Module 7 Module 7 Module 7 Module 7
Module 7 Presentation Readings Assignments
No Narrated Presentation for this Module
Go back to Module 6, Part 4 - Advertising Techniques, Emotion

Internet Literacy

A Lie is as good as the Truth - if people believe you.

As of January 1, 2003, 175 million people in the US and Canada were using the Internet - 500 million world wide. They aren't all downloading MP3 files, so they must be receiving and exchanging information.

In addition to individuals going on-line for news, a recent survey showed that about two-thirds of journalists use the Internet for research. "Many journalists remain woefully untrained and sometimes engage in questionable ethical practices when using the Internet."

Click here to read "Media Plays Fast, Loose with Ethics Online."

So is the information you are getting and journalists using any good? The difference between and is clear. One is the most popular on-line adult site. But what about or

I give seminars to school systems and parents on children's use of the Internet. One point I like to make is that in chat rooms and in e-mail, it's impossible to tell if that is really a Ph.D. from MIT you are talking with or just a 13 year old with no social life.

Even advertisers are aware of the dubiousness of information from the Internet.

"All this is a reaction to the fact that traditional media marketing is crumbling, just crumbling," says Jeff Hicks, president of the Miami-based advertising firm Crispin Porter & Bogusky, which recently designed an interactive Web site for Burger King that shows a person dressed in a chicken suit who acts out, á la amateur webcam porn, the instructions given to him/her/it by Web surfers who click on the site."

Click here to read "A Ruse Awakening on the Web."

Click here to read "Web Hoax Fools News Services"

"Kirchner said the concept behind the hoax was to show how easy it is to make something fake look real. She and her two fellow filmmakers, she said, wanted to challenge others to question the validity of material that is presented as fact.

"What is amazing," she said, "is the power of the Internet. One person gets the file, they share it with someone else. It eventually ends up on some Arab TV station and is believed as the real thing."

Click here to read "Seeing is no longer believing"

"Today, with the advent of inexpensive software, the manipulation of digital images is easier, faster, and harder to detect. As a result, the ethics of manipulation - the line between "improving" an image and altering it - are more vital to preserving public trust."
Now that you've seen how easy it is to manipulate information on the internet and, by extension, to manipulate the media, think about how this information fits in with the concepts from the "Warp Speed" article.

Evaluating Different Types of Internet Resources

1) Electronic Journals

  • Some of the questions an Internet Detective needs to ask:
    · what is the coverage and what information is available online - tables of contents, abstracts, full text of some articles, full text of every article...?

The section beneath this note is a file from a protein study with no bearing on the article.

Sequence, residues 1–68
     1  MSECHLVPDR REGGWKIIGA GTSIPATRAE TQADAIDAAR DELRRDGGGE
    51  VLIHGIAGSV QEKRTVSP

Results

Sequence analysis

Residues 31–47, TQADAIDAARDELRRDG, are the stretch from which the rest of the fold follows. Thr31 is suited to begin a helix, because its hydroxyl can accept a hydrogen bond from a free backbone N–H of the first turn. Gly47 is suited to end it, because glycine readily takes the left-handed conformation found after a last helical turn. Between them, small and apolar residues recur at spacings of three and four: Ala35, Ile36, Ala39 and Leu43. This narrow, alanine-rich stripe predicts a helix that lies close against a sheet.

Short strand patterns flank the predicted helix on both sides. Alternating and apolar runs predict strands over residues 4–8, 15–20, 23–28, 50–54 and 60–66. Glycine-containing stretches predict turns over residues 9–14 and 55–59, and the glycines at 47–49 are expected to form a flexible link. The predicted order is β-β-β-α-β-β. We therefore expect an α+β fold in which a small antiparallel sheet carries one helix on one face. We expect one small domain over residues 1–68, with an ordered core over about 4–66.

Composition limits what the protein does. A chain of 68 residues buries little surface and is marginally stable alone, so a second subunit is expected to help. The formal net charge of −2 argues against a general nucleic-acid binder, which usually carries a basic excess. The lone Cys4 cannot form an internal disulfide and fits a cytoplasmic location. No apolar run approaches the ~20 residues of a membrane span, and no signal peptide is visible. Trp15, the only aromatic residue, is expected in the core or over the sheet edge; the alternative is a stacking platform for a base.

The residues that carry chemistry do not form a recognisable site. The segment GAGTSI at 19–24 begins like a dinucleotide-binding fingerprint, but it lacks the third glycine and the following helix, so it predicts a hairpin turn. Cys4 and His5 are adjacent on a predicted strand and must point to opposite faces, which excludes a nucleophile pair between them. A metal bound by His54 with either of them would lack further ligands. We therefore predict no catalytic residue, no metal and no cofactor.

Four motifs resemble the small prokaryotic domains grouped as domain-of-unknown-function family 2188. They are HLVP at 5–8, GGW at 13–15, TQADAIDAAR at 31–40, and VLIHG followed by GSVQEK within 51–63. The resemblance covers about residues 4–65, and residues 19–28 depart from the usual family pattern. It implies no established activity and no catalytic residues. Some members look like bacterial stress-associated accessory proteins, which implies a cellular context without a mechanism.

· who has published the journal on the Internet and how reputable is this publisher?
    · are articles peer reviewed or filtered by editors and proof readers?
    · will some users be able to access more information than others? For example, is there a charge, a need for a site license?
    · is special software/hardware required?
    · are archives of previous editions of the journal available?
    · is the site kept up to date?

2) Mailing Lists

  • An Internet Detective might ask:
    · What is the purpose of the list - who is the target audience of the list and what type of messages are acceptable to send?
    · is the list moderated? (i.e. do messages have to pass the scrutiny of the list owner before they are posted to the list). If so what is the level of knowledge of the moderator?
    · how many members does the list have and what is their status?
    · how much traffic is there on the list? (i.e. how many messages are posted a month?)
    · is the list open (anyone can join) or closed?
    · does the list have a home page?
    · are archives of the list messages available? If so how far back do they go? Can they be keyword searched?

3) Organizational Sites

  • Some of the issues an Internet Detective might concentrate on:
    · who is the author or publisher of the site? Are they reputable?
    · can cross checks be made to verify that the author and publishers stated are genuine?
    · is the purpose of the site stated?
    · are the sources of factual information clearly stated?
    · are there contact details for the authors of the site?
    · how current is the site and the information it points to - is it well maintained?
    · who pays for the site and are they an objective source or do they have an agenda to advance?

4) Subject-based Sites

  • An Internet Detective might ask:
    · is the site just a list of external links or is there some unique content or added value?
    · how good is the subject coverage?
    · who has created the site and how authoritative are they on this subject?
    · how current is the site and the information it points to - is it well maintained?
    · who pays for the site and are they an objective source or do they have an agenda to advance?
Click here to read "Evaluating the Quality of Information on the Internet" "a checklist for discovering quality in Web-based information, commentary on technical trickery, examples of bogus Web sites, and resources for learning more.

Click here for a printable version of the checklist "Evaluating the Quality of Information on the Internet".

Finally, go to the Assignments page and complete the Module 7 Assignment.

This is an official FGCU web page. Revised 01/01/2011
©2011, Terry Dugas

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